British actress Naomie Harris has been nominated for an Oscar for her role as a crack-addicted mother in the 2016 indie drama Moonlight. "No Small Parts" takes a look at some other roles she's played in her career.
Transformers: Victory begins in the year 2025 when the Cybertron Leader Star Saber defeats the leader of the Destrons, Deszaras and traps his space headquarters in intergalactic dust. The ... See full summary »
Transformers crash land on present day Earth and inadvertently cause a technological revolution. They wake up 50 years later in a world where robots are used in everyday life. StarScream arrives looking for their AllSpark.
This theatrical movie based on the television series (which was also based on a popular multiform robot toyline) did not go over very well at the box office. The movie takes place in 2005, twenty years after the television series, and chronicles the efforts of the heroic Autobots to defend their homeworld Cybertron from the evil Decepticons. Both factions are seething with anger, and that hatred has blinded them to a hideous menace headed their way. That menace is the colossal planet named Unicron, who has been ready to consume anything that stands in its way. The only thing that can stop Unicron is the Autobot Matrix of Leadership, which is possessed by the Autobots and which the Decepticons, through Unicron's orders, plan to take away from them. Written by
Christopher E. Meadows <firstname.lastname@example.org>
Unicron's original name in early drafts was Ingestor, while Unicron's planet form would have been an actual planet. Ingestor was to be a mysterious being in control of the planet, which, upon transforming into a robot, would have had many organic-looking features. In the final script, these two were mushed together into a single character, named Unicron, who is also a planet (though a mechanical one) which can turn into a gigantic robot. His organic features were also kept, such as his metallic mustache and goatee, as well as his stomach that resembles the abdomen muscles of a human, though he lost his "hair". See more »
Sunstreaker is seen doing road construction early on in the movie, he is present amongst the Autobots setting up the roadblock for Kup. He is also seen next to Kup when he sees Hot Rod shooting at the shuttle. Yet later in the movie, he is seen piloting the shuttle that Optimus Prime has taken to arrive to Earth, and is standing next to him as he transforms to go face Megatron. See more »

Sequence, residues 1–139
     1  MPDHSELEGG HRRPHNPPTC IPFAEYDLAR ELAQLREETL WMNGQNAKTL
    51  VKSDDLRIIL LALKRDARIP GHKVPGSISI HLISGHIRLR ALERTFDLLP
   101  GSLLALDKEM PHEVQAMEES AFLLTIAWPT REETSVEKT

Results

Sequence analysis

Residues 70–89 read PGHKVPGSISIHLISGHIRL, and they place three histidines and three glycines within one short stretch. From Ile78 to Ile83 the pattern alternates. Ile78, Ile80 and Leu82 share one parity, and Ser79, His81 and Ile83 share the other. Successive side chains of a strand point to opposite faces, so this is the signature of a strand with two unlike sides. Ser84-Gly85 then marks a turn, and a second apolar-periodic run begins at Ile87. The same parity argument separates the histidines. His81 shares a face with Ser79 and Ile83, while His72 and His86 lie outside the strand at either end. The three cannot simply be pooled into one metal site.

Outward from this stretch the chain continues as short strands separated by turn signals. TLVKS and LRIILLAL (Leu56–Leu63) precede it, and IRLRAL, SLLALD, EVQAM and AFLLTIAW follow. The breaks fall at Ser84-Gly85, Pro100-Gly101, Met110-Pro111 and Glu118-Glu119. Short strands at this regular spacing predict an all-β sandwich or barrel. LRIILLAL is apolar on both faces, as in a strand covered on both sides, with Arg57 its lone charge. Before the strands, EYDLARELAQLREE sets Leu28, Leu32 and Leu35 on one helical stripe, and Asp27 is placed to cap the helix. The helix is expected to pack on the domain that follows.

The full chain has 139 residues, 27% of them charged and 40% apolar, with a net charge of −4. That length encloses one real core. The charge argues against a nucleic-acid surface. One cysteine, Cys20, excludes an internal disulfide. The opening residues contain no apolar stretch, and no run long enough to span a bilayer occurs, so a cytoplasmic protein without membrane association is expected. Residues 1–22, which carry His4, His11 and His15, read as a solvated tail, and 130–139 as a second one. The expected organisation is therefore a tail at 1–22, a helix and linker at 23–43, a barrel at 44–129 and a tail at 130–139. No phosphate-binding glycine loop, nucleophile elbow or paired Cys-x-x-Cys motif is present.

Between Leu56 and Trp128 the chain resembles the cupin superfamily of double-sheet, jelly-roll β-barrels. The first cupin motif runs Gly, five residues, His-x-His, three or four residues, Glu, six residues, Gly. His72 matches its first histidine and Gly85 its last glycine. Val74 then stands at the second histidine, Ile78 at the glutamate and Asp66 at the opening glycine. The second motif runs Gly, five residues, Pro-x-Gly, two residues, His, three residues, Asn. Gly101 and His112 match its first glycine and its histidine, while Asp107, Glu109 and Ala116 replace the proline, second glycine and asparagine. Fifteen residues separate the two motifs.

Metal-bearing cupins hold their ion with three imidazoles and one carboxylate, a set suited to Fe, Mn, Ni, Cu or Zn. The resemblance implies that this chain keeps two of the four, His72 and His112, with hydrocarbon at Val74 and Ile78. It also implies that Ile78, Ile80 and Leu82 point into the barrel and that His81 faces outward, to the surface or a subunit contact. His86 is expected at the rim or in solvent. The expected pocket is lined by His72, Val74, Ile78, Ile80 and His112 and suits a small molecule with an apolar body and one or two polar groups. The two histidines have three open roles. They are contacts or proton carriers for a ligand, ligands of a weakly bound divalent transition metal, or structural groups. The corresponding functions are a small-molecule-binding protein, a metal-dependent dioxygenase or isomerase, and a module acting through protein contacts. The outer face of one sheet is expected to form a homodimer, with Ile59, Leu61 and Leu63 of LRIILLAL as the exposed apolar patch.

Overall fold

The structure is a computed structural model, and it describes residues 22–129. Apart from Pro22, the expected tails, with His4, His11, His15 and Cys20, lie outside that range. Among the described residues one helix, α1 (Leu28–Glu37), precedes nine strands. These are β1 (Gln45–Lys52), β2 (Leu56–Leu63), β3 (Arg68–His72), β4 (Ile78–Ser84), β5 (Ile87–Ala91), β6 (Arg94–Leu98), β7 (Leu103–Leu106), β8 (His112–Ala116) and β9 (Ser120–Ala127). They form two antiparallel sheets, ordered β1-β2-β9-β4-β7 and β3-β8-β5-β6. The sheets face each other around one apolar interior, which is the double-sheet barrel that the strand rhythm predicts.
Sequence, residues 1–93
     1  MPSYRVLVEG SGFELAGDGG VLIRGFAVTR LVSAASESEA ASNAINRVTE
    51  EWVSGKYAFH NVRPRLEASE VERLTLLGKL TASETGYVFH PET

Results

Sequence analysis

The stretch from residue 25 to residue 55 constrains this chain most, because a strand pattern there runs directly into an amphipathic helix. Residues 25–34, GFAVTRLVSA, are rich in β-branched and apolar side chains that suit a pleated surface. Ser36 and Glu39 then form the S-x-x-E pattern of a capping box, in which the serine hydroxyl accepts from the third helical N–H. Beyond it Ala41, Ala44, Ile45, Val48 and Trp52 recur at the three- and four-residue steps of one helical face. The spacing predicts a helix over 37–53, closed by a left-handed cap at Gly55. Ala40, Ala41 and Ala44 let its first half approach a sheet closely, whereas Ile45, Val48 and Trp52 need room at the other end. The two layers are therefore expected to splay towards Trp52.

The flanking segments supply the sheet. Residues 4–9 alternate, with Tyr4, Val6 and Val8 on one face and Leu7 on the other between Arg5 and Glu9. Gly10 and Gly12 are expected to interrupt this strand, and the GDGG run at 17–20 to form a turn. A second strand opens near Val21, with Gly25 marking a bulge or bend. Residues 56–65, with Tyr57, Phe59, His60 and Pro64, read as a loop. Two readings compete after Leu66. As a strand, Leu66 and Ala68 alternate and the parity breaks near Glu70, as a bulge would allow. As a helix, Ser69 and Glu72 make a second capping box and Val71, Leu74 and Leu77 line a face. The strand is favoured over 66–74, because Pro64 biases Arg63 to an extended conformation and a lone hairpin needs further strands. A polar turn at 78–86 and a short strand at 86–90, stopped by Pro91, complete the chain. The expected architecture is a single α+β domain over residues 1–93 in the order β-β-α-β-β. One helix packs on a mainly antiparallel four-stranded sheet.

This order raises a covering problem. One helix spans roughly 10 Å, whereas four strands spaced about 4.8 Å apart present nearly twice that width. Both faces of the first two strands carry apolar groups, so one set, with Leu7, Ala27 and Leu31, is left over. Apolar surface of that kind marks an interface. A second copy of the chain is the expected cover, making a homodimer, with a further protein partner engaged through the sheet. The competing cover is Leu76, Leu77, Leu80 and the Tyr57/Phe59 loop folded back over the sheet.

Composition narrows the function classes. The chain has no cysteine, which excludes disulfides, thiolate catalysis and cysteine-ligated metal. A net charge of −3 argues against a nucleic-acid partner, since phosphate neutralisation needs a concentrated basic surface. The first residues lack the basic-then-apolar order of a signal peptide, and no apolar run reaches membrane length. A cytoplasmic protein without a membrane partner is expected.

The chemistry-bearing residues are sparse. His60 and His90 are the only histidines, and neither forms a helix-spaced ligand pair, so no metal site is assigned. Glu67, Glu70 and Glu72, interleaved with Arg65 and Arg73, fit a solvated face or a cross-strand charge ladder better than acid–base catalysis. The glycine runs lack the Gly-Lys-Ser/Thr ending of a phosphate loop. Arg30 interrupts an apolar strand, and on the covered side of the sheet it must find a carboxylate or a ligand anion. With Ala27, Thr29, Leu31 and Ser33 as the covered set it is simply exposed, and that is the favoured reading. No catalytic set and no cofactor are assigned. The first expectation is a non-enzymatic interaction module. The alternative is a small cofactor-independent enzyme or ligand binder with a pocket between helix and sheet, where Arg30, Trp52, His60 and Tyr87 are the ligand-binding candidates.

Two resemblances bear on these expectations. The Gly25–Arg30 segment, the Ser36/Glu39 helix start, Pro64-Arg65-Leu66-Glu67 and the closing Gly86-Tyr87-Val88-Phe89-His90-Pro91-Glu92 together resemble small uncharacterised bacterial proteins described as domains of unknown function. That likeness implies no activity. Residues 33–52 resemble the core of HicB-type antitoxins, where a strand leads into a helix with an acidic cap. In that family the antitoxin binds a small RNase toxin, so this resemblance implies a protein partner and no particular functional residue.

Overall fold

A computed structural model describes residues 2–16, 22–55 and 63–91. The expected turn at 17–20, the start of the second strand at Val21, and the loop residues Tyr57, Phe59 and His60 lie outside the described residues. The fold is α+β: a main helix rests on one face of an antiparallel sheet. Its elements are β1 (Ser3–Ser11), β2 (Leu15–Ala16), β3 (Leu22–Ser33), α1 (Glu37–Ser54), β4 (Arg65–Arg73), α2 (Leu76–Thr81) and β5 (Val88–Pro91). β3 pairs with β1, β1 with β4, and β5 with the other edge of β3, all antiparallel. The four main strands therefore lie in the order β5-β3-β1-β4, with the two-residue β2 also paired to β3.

Either tap in or get lost. You'll be missing a great film if you don't though.
I'm biased. There's no two ways about it. They could have gotten two six years olds to draw the cels, a troop of monkeys to write the dialogue and then printed the film upside down and full of static and I'd still have loved it (if anybody out there says 'Didn't they do that anyway?', I'll thump them.) I am one of a dying but suprisingly populous breed: the Tranformers fan, and to me this film is like the Holy grail.
If you think I'm going to get all gooey and teary-eyed then go into nostalgia overload then forget it because I'm not. I say this with a straight face and a critic's eyes: this is a good film. It may be a two hour toy commercial. It may have made zip at the box offce. It may get bad press from idiotic fossils that just aren't prepared to make the effort to tap into the universe the film is set in. But the fact remains that to anybody that's grown up with Transformers, this film is marvelous. Why? Because it does it right! The characters act right. The style is right. It's all done so perfectly that no right minded Transfan could possibly complain. How many Batman fans (and I mean real Batman fans) can honestly say the same thing about their film franchise.
It's easy to get preachy about the violence in a film aimed at kids. It gives the moral majority something to do other than examine each Disney film for subliminal messages. I found it refreshing to actually see this kind of film refuse to pull its punches. It's an action film without tapping into the over-sentimental gushy stuff that usually turns kids off anyway. This is a war. Death and violence are part of it. Will it effect the children that watch it. Maybe, but I don't know which way. I saw first saw the film when I was 7. I saw all of my favourites get blown apart. I saw my absolute, total, complete and utter hero, the person that personified all that was good and noble to me (you know who I mean) get killed saving his friends in an ultimate display of bravery and courage. I cried. My mum cried. I still do. I think that one moment made me more afraid and ashamed of death and destruction than a dozen Private Ryans.
The animation is top notch, there's an amazing soundtrack and the voice talent is good too. Not perfect, but Nimoy's portrayal of Galvatron is incredible. Espicially when you consider that it was probably done as a 'For the money not the art' job. The script isn't bad either. It has a host of sharp, quotable one-liners that would put Bruce Willis to shame ("I've got better things to do tonight than die.") The story is a rip off of Star Wars but what isn't and who cares? It's cool. The animation is superb. I said that earlier but I really do believe that it's better than Disney at some points. Certainly better than the average output at the time. It doesn't compare with today's graphics but it hasn't aged badly at all. The sountrack can sound a little too cheesy at times but the energy and verve of the film is there and it backs up the visuals with ease.
In the end it won't matter. This film won't mean a thing to anybody that doesn't know who Jazz, Bumblebee and Soundwave were to begin with. They won't watch it. They won't like it. And you know what? We don't care. Those of us that can name all five mebers of the Stunticons know better. They gave us what we wanted. And we remain eternally grateful.
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